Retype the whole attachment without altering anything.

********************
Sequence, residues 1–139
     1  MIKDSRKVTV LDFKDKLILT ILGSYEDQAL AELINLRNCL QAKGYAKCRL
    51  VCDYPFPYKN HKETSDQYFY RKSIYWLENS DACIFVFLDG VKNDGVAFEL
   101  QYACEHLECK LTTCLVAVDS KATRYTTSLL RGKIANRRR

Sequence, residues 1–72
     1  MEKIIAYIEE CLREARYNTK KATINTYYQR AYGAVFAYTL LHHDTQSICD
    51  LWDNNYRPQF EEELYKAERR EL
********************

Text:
Sequence, residues 1–139
     1  MIKDSRKVTV LDFKDKLILT ILGSYEDQAL AELINLRNCL QAKGYAKCRL
    51  VCDYPFPYKN HKETSDQYFY RKSIYWLENS DACIFVFLDG VKNDGVAFEL
   101  QYACEHLECK LTTCLVAVDS KATRYTTSLL RGKIANRRR

Sequence, residues 1–72
     1  MEKIIAYIEE CLREARYNTK KATINTYYQR AYGAVFAYTL LHHDTQSICD
    51  LWDNNYRPQF EEELYKAERR EL